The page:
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Members of the 12 O’Clock Hills Project committee point out local landmarks on the information panel overlooking a beautiful scenic vista extending from Castle Lake right across to the Shannon Estuary. Photography by Eugene McCafferty

East Clare amenity working to meet spike in demand

THERE has been a huge boost in popularity of the walking trails at The 12 O’Clock Hills according to the local organising committee, who have begun a number of initiatives in response to the boom in visitor numbers.

The pandemic has put the focus firmly on domestic tourism and, over the course of the different lockdowns, this outdoor amenity has come into its own.

“It is estimated that during this 15 month period first-time visitors to the facility amounted to as much as 80% of the total attendance on any given weekend,” said Patsy Neville, chairperson of The 12 O’Clock Hills committee.

“Visitors are enthused when after making the inquiry, they are advised that according to local lore the Knockanuara twin peaks were named ‘12 O’Clock Hills’ by the ability of people working the nearby lands to tell when it was noon time by the position of the sun between these twin peaks at certain periods in the year.

“This gave them the capacity to set up an instrument known as a sundial to measure periods of their working day before clocks were invented.”

The boom in visitor numbers and the growing popularity of the area has not been without its challenges, but the dedicated committee have responded by making sure that as many people are facilitated and welcomed.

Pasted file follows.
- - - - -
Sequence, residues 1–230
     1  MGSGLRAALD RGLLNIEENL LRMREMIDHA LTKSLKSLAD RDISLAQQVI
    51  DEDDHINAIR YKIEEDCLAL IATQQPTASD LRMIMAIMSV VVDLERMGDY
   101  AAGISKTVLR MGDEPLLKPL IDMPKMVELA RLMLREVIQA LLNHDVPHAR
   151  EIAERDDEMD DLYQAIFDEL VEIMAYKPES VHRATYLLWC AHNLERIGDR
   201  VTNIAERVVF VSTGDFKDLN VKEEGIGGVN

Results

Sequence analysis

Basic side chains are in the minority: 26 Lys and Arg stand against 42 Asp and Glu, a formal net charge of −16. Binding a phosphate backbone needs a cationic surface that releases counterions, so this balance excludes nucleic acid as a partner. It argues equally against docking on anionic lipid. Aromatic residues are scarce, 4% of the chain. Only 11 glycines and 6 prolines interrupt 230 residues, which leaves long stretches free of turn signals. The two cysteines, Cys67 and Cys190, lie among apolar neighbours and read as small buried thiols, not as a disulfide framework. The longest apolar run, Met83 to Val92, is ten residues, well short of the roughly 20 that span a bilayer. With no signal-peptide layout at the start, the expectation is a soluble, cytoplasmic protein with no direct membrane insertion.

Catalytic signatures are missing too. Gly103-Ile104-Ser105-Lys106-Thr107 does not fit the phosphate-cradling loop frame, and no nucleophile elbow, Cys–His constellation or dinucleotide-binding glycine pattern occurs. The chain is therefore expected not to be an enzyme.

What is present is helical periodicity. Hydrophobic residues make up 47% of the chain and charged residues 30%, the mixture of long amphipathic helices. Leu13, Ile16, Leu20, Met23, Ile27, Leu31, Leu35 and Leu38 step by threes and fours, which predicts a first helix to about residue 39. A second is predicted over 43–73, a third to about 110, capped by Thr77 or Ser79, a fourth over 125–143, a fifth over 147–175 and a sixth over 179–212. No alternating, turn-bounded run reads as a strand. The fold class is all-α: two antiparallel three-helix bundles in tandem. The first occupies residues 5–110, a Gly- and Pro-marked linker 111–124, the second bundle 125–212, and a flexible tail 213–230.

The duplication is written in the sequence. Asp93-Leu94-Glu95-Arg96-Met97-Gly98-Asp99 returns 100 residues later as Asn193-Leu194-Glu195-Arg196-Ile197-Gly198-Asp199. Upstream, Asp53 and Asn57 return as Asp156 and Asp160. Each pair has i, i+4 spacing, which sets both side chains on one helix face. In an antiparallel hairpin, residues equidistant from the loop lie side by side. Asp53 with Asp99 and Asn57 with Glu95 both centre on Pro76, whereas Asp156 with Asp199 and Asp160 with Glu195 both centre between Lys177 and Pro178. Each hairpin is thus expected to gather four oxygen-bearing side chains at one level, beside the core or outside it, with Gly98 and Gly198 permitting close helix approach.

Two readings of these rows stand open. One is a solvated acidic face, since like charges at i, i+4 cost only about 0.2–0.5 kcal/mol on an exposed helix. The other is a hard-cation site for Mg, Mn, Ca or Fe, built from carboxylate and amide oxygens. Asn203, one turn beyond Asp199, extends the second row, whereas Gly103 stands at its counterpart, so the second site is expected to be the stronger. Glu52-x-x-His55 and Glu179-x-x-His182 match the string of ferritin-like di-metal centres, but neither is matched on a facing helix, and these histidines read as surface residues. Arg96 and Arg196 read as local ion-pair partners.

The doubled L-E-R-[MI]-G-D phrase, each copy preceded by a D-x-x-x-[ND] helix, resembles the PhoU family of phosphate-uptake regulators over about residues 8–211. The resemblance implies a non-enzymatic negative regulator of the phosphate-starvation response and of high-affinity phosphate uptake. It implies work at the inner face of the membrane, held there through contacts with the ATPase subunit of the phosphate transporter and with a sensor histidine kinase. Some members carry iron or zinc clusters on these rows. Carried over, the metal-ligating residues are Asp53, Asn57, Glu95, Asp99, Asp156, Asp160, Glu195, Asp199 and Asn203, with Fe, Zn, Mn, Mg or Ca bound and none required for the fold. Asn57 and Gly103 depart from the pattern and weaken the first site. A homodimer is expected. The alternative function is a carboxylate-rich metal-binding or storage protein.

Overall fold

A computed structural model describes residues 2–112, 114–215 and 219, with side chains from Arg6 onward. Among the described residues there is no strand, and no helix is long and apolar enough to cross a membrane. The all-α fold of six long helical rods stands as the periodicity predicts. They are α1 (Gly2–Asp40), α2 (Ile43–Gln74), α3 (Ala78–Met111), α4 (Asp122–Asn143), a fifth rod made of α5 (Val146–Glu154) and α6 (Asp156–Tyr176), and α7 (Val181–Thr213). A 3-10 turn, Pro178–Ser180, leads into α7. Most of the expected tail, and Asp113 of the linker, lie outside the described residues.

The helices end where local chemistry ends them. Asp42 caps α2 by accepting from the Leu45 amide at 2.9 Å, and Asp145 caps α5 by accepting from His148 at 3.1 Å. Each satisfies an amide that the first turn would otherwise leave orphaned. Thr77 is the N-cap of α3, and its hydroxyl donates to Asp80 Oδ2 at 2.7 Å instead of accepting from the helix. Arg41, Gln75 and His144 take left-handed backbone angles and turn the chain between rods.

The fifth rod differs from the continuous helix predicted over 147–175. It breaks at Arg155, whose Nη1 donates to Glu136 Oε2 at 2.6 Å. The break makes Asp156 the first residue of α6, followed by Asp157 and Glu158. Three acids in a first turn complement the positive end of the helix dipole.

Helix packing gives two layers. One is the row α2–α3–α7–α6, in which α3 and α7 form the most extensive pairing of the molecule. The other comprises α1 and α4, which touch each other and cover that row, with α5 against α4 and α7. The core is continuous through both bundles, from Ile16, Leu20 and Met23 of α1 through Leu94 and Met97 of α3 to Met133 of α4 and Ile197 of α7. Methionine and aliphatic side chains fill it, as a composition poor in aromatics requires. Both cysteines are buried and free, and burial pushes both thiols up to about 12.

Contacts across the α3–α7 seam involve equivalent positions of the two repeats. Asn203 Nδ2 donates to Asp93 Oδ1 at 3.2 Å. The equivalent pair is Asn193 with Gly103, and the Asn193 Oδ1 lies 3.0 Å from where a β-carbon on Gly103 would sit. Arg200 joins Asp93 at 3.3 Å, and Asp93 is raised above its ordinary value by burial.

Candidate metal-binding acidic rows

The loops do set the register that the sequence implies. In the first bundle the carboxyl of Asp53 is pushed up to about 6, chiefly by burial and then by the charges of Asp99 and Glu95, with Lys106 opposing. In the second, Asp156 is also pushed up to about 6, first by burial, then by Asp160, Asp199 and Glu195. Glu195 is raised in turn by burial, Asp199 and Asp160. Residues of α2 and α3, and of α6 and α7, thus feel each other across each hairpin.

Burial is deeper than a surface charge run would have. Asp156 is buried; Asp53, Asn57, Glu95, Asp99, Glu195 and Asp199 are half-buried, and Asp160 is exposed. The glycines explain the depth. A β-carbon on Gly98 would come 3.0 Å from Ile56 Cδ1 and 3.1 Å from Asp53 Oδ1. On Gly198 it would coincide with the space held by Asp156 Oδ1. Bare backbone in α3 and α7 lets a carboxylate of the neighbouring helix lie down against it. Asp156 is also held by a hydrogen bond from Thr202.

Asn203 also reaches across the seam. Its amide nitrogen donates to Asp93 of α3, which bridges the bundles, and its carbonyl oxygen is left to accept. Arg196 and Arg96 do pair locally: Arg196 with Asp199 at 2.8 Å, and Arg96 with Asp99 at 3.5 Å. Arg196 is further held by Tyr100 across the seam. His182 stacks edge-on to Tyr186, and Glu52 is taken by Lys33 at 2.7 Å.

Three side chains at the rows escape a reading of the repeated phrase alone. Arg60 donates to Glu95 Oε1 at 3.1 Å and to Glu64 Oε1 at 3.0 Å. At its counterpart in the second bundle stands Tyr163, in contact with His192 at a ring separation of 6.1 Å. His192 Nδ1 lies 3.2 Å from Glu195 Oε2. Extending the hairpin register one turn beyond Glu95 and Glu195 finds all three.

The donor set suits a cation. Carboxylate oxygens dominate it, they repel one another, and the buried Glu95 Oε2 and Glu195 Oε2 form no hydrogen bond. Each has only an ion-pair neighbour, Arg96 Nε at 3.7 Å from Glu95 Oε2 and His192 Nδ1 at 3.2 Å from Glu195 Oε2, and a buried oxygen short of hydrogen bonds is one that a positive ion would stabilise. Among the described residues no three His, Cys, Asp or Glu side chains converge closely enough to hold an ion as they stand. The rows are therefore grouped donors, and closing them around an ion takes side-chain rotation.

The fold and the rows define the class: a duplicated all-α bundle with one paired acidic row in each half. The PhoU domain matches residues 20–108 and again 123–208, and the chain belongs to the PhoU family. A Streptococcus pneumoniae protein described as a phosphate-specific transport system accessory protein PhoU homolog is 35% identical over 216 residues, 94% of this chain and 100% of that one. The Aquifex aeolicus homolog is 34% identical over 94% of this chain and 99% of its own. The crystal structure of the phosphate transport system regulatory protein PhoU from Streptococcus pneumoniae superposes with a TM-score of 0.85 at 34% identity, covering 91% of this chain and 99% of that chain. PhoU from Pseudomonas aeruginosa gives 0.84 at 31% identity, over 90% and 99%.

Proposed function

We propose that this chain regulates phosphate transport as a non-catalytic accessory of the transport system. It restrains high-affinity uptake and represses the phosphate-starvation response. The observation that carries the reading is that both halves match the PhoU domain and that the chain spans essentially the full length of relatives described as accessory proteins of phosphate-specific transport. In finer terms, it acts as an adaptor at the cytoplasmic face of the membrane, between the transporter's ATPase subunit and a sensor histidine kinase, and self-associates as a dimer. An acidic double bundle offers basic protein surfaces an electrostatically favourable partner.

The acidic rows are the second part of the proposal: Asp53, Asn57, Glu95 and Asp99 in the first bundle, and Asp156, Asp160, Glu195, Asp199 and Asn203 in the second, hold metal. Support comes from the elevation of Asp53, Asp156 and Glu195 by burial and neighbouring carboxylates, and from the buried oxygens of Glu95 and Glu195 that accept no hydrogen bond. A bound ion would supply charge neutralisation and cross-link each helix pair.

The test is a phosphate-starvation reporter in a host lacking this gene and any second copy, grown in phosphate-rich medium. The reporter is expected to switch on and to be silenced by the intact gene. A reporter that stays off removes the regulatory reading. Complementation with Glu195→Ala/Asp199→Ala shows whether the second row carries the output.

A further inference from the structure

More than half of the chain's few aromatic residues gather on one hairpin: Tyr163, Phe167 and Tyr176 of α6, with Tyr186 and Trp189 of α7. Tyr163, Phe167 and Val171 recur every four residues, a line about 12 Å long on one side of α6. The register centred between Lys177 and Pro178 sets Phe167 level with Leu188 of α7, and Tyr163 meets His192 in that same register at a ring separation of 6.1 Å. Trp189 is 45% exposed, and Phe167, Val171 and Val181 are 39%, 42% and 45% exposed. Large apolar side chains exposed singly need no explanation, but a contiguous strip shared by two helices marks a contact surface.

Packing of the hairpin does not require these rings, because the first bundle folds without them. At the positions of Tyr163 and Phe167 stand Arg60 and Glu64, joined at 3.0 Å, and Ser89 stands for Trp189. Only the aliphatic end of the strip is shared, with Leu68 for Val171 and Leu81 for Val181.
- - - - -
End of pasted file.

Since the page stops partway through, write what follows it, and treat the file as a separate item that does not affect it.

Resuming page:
“The increased visitor numbers necessitated our voluntary community group to engage volunteers to work regular two to three-hour shift patterns at the Belvoir car park every weekend to help with the parking,” Mr Neville added.

“This has been invaluable as we have got very good ratings from visitors who are impressed by the volunteers for not alone helping find parking places but also explaining the different trail options.

“Some weekends were chaotic and even though we could accommodate as much as 100 cars there were a number of situations where we just had to turn away cars because of the capacity and volume issue.

“We are very grateful to all our supporters for their understanding of our parking issues through the period and apologise to anyone who had a bad experience.

“The same applies to local people who may have experienced parking issues at entrances to their property. Our thanks also to our volunteers from outside our regular committee and to all for very generous donations.”

Facilities at the hills have also been boosted with an extension to the car park, hard-coring of muddy sections of the rails, photographic displays on the upper hills to identify views, additional picnic tables and benches for recreational purposes. A video of the trails has also been created for the website, 12oclockhills.com.

“These latest additions to the facility have been funded by the Department of Local Government under the ORIS [Outdoor Recreation Infrastructure Scheme] programme and we wish to thank Clare County Council for supporting our funding application,” Mr Neville said.

“In recent weeks we have welcomed Grace and Niamh with their company Morsel in the provision of light refreshments at the Belvoir car park (mainly at weekends) to further enhance the offering.”

The hills committee is also celebrating the recent collaboration with leading milliner and designer, Ailish McElroy, who is based in Bodyke.

“We are now offering a limited collection of unique baseball and beanie caps with a new 12 O’Clock hills branding designed by Ailish,” Mr Neville said.

“These can be purchased online via Ailish’s new website [Ailishmcelroymillinery.com].

“We will also be selling some at the Belvoir car park over the August Bank Holiday weekend.”

By Fiona McGarry

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